Jody Calemine, Minority Staff Director

         SUBCOMMITTEE ON HEALTH, EMPLOYMENT, LABOR AND PENSIONS

                   DAVID P. ROE, Tennessee, Chairman

Joe Wilson, South Carolina           Robert E. Andrews, New Jersey
Glenn Thompson, Pennsylvania           Ranking Member
Tim Walberg, Michigan                Dennis J. Kucinich, Ohio
Scott DesJarlais, Tennessee          David Loebsack, Iowa
Richard L. Hanna, New York           Dale E. Kildee, Michigan
Todd Rokita, Indiana                 Ruben Hinojosa, Texas
Larry Bucshon, Indiana               Carolyn McCarthy, New York
Lou Barletta, Pennsylvania           John F. Tierney, Massachusetts
Kristi L. Noem, South Dakota         Rush D. Holt, New Jersey
Martha Roby, Alabama                 Robert C. ``Bobby'' Scott, 
Joseph J. Heck, Nevada                   Virginia
Dennis A. Ross, Florida              Jason Altmire, Pennsylvania



                            C O N T E N T S

                              ----------                              
                                                                   Page

Hearing held on April 18, 2012...................................     1

Statement of Members:
    Kucinich, Hon. Dennis J., a Representative in Congress from 
      the State of Ohio..........................................     4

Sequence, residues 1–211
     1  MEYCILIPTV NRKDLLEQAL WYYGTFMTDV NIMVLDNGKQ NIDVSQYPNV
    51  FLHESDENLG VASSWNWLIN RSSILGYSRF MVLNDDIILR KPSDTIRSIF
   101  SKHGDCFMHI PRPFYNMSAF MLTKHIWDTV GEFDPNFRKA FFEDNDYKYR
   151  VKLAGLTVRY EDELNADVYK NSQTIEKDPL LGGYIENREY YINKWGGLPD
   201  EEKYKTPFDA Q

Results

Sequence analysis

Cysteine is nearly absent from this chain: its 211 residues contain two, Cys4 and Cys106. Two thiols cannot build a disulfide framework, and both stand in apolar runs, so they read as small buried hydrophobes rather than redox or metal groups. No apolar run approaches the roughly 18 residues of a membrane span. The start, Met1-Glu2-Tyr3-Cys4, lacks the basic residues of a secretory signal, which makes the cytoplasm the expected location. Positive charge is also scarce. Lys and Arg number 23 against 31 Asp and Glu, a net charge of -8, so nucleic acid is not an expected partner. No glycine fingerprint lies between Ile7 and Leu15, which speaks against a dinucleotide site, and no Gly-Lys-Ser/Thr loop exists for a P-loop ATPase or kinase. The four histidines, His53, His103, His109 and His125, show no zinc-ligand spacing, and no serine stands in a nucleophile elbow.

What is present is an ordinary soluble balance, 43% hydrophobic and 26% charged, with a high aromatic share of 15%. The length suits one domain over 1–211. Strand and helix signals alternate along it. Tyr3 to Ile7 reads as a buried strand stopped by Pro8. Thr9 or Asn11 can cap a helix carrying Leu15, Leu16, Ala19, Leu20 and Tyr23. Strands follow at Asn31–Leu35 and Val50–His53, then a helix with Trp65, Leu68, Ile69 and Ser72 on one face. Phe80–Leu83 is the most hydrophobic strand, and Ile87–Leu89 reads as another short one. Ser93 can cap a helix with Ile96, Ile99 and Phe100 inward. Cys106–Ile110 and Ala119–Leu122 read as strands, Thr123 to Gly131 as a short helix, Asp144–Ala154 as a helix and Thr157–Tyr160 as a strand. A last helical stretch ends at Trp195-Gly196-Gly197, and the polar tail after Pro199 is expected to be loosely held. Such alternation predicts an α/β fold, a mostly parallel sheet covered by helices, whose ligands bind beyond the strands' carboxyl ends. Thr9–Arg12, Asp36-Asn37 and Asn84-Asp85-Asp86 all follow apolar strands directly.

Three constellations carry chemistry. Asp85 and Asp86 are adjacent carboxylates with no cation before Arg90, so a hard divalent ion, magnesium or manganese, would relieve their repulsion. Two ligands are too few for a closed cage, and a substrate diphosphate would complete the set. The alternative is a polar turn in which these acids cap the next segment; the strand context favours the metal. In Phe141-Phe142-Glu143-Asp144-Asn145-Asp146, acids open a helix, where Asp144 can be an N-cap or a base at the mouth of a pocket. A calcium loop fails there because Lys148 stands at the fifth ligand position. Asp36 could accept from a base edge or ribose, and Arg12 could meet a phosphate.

Prepared statement of....................................     6
    Roe, David P., Chairman, Subcommittee on Health, Employment, 
      Labor and Pensions.........................................     1
        Prepared statement of....................................     3

Statement of Witnesses:
    Bottenfield, Dana C., PHR, CCP, CBP, director of HRIS, 
      employment and immigration, St. Jude Children's Research 
      Hospital...................................................    20
        Prepared statement of....................................    22
    Graves, Fatima Goss, vice president for education and 
      employment, National Women's Law Center....................    27
        Prepared statement of....................................    29
    Horvitz, Alissa A., Esq., shareholder, Littler Mendelson, 
      P.C........................................................    37
        Prepared statement of....................................    39
    Norris, Jeffrey A., president, Equal Employment Advisory 
      Council....................................................     8
        Prepared statement of....................................    10

Additional Submissions: